Now that the first releases from our R&D Series – Formula #6, an American Dry Gin, and Formula #10, a Southern Gin – have been in our retail store and behind the bars in some of your favorite spots in Memphis and Nashville for a few weeks, I wanted to share a peak behind the scenes from the development process for these spirits.
I started working on the American Dry Gin shortly after spending a week in Louisville for a class on gin distillation. It was during that class that I was able to taste the different ingredients distilled separately, which was key in getting clarity around the approach I might want to take with our Gins. I got to taste just a coriander distillate, just a peppercorn distillate – you could really tell what they did through distillation. That’s when I realized I really liked coriander and grains of paradise. (A great way to get a more approachable black pepper flavor without using black pepper!) I liked the idea of more peppery notes, but wanted something different, so that’s where the pink peppercorn came from. I expected more peppery notes out of that particular ingredient than we actually got – it turned out more citrusy than I imagined it would, but in the end, I was really pleased with how everything played together.
So with the American Dry Gin, my approach was really just – “I like these flavors. I want to see what I can do with them.” The Southern Gin, on the other hand, was more like a midnight panic attack, waking up and realizing that the two formulas I had were too similar, so I had to throw one out the window!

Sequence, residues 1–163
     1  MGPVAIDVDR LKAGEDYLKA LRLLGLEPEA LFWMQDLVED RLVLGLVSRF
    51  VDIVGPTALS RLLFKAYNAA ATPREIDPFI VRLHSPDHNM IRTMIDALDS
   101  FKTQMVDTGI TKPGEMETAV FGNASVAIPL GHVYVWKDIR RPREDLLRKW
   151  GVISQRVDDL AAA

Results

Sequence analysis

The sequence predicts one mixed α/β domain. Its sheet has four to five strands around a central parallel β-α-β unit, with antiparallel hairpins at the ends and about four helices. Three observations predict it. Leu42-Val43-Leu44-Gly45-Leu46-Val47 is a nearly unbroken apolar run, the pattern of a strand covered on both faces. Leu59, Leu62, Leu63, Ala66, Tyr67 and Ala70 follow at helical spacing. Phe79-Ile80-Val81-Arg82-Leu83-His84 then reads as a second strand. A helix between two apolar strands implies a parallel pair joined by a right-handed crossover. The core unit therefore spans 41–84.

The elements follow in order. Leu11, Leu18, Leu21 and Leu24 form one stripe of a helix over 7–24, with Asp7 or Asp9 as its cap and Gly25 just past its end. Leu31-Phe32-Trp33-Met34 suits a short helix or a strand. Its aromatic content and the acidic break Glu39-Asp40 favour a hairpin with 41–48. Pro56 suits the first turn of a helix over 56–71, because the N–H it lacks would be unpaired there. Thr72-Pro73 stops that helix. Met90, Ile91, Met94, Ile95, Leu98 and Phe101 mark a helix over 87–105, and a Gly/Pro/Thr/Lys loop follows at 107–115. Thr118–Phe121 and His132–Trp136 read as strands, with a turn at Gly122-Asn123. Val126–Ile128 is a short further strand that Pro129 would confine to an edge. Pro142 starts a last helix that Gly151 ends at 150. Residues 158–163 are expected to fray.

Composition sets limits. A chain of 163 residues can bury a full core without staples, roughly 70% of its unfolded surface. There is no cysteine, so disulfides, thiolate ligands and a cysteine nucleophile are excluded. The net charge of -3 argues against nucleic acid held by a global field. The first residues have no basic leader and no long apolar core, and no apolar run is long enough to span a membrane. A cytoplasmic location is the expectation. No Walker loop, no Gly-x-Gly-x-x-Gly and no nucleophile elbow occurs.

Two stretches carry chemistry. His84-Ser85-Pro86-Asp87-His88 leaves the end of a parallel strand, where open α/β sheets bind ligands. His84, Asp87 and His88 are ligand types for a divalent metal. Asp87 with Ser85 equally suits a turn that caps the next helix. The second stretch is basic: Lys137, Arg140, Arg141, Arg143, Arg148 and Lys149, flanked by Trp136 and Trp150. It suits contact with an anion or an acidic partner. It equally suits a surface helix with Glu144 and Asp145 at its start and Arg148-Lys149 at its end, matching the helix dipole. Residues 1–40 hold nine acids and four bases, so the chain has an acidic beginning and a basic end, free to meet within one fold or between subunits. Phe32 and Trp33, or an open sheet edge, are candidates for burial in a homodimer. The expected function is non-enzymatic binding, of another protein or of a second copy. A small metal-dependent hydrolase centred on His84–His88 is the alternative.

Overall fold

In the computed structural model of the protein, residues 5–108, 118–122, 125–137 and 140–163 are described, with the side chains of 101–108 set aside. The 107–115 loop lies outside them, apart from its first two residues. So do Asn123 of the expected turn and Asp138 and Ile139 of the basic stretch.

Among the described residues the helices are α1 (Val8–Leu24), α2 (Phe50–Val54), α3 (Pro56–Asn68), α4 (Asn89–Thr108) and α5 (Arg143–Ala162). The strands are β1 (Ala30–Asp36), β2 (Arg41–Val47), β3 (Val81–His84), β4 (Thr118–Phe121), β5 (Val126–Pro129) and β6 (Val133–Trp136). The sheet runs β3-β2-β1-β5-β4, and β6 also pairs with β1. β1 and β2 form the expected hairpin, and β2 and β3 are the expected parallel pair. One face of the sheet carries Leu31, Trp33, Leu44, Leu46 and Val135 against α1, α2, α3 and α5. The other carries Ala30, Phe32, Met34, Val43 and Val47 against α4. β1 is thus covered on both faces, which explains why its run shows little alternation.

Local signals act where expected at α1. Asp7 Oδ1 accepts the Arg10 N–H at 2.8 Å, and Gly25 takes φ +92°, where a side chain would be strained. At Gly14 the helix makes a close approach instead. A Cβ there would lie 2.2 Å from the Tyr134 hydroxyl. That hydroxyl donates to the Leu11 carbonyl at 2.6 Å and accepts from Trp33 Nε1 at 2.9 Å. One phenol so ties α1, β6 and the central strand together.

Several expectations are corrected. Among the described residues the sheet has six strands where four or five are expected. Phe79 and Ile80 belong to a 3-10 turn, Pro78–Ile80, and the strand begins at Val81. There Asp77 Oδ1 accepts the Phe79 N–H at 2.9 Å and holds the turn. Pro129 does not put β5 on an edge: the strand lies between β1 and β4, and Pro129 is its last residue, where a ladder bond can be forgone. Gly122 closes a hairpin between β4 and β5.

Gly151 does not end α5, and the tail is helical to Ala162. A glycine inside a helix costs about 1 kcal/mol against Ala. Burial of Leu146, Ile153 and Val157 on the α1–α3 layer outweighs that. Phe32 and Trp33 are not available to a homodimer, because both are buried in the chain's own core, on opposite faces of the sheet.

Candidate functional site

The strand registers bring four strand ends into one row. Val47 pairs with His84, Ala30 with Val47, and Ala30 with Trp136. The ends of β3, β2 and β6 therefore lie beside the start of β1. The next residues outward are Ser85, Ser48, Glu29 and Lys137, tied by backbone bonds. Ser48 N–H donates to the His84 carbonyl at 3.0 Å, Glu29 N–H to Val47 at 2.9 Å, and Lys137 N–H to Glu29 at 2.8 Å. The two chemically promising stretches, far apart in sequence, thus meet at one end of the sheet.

I didn’t have a whole lot of time at that point, so I had to figure out what that next recipe was going to be, and I wasn’t happy with anything else I had come up with. I came in the next morning and had my team pull samples so I could run a distillation. I looked at my notes from the research I’d done, and I ended up pulling ingredients that I really had been trying to avoid! Mainly that was licorice root, because I don’t personally care for licorice. (I think it’s just the black licorice candy that has scarred me for life!) But I decided to give it a shot, and it ultimately led to the Southern Gin.
We dubbed it the Southern Gin because of its recipe – it’s got four different roots in it, and it just felt Southern to us to see all of those roots in there. Plus, my team really felt like the personality of the flavors in that gin were quite Southern, so we went with it.
Start to finish, liquid through packaging design, and then finally getting it into a bottle, this process took about a year for both gins. The bulk of that time was in the development and distillation of the actual spirits. And through that process, we developed many more recipes – about 16, I think – most of which are still fairly interesting to me as ones we could revisit in the future. I actually made a batch using ingredients from our Memphis Toddy that was surprisingly good! So, we probably will revisit that one. That’s what I love about this R&D Series – it truly will be a home for my team and I to play, experiment and innovate with spirits.
And don’t forget, if you’ve had a chance to try either of these Gins, we want to hear from you! Head to The Lab and let us know what you thought.